NASA will be launching a 3D printer to the International Space Station in June.
The device, the size of a large toaster oven, will allow astronauts to print plastic molds of devices and tools they need, thereby reducing the number of items they bring with them on missions.
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The 3D printer will be part of the fifth SpaceX supply mission, CNN reported.
"Any time we realize we can 3D print something in space, it's like Christmas," said inventor Andrew Filo, who is consulting with NASA on the project, The Associated Press reported
. "You can get rid of concepts like rationing, scarce or irreplaceable."
In addition to developing replacement parts and rocket pieces that are able to withstand extreme temperatures, NASA engineers are in the process of 3D printing small satellites that can be launched from the International Space Section to transmit data back to earth.
"If you want to be adaptable, you have to be able to design and manufacture on the fly, and that's where 3D printing in space comes in," said Dave Korsmeyer, director of engineering at NASA's Ames Research Center at Moffett Field told the AP.
NASA is reportedly in the process of selecting a 3D printer from more than a dozen machines, which range from $300 desktop models to advanced versions that cost upwards of $500,000.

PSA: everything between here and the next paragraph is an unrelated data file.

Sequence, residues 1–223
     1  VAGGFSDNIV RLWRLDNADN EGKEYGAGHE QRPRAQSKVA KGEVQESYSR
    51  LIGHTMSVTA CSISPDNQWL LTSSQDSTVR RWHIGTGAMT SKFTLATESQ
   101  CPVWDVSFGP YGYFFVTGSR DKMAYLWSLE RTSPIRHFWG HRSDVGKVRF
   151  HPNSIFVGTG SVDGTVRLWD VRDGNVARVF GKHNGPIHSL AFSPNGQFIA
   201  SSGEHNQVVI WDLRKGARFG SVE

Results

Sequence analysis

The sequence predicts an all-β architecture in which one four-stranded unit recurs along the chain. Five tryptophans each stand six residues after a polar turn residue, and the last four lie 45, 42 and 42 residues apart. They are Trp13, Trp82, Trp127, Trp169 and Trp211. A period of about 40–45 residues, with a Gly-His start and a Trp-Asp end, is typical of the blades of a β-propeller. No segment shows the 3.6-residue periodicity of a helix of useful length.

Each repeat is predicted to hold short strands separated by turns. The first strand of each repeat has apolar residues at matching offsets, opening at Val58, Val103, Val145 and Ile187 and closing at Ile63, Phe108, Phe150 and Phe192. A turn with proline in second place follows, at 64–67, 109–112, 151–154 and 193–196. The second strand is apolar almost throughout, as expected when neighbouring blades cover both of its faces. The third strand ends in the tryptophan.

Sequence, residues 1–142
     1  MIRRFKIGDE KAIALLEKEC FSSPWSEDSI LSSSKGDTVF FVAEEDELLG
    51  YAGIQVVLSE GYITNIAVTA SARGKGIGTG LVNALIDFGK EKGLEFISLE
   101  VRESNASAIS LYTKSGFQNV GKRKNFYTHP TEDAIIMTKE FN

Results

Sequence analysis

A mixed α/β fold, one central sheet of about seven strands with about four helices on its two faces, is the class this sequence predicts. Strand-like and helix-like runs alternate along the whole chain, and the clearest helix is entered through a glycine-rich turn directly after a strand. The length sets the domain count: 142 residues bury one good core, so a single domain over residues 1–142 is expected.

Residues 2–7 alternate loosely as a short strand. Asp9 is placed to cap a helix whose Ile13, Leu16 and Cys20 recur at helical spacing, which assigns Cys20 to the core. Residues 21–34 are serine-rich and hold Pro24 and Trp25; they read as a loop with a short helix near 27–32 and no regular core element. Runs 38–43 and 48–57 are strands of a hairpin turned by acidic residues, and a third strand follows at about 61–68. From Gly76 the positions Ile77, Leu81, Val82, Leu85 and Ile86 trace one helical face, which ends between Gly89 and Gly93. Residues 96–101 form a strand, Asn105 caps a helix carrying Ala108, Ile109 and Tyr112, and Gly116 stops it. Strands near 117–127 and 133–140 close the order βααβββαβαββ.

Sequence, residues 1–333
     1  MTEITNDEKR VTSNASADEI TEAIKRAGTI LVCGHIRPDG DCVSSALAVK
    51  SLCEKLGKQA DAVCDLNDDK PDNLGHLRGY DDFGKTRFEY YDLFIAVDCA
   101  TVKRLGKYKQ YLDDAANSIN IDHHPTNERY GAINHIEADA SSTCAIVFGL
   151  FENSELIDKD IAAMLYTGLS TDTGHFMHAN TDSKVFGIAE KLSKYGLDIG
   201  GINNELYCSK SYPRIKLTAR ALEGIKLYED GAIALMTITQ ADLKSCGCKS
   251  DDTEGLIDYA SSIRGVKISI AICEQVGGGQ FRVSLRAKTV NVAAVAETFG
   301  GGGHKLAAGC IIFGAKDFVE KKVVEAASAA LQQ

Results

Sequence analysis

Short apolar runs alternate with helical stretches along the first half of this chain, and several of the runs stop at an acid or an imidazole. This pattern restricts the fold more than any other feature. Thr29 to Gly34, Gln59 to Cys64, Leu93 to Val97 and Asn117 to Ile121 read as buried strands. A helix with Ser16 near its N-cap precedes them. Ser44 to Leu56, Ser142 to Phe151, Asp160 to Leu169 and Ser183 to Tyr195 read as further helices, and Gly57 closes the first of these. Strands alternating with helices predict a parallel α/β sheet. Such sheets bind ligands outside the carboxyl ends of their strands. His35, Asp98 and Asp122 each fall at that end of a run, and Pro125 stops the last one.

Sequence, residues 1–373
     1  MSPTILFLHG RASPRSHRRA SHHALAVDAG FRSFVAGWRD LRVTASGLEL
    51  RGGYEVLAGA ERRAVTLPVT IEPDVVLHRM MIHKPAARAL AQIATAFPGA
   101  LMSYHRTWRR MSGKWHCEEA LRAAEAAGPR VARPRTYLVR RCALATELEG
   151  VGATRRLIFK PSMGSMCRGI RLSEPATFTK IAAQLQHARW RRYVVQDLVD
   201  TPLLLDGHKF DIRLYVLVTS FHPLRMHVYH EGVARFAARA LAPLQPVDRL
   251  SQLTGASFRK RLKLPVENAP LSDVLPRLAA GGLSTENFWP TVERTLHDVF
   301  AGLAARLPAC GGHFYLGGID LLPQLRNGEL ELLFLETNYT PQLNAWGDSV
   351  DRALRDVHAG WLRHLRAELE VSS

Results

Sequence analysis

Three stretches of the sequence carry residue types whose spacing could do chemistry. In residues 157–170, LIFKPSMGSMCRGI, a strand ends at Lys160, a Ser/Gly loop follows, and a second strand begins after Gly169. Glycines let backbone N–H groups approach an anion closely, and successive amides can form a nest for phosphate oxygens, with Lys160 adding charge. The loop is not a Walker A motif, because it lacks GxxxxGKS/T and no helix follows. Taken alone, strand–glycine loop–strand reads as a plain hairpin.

One of the obstacles facing NASA engineers is that none of these devices have been used in space, so it is not clear how they will operate under conditions like differing air pressures, microgravity, and variable temperatures.
To better prepare the devices for orbital usage, NASA has outsourced the work to the Silicon Valley startup Made In Space. Made In Space is in the process of testing and altering the many 3D printing devices for NASA.
"Everything that you launch is going to have to withstand up to 9Gs in the rocket and crazy vibrations," Made In Space co-founder and chief strategy officer, Mike Chen, said at World Maker Faire in Queens earlier this month, the Christian Science Monitor reported
"Things in space are vastly over-engineered, really, for the first 8 minutes of its existence," Chen added. "Think about what you can do now that you have 3D printing capabilities on orbit. For the first time, we'll be able to design things for space that don't ever have to exist in a gravity environment."
As for what the first device the 3D printer will be capable of producing in space, Made In Space CEO Aaron Kemmer told the AP, "It's not something we're discussing publicly right now."
Jason Dunn, Made In Space's chief technology officer then added with a laugh, "We're going to build a Death Star," referring to the giant space station in the "Star Wars" movies that was capable of blowing up planets. "Then it's all going to be over."
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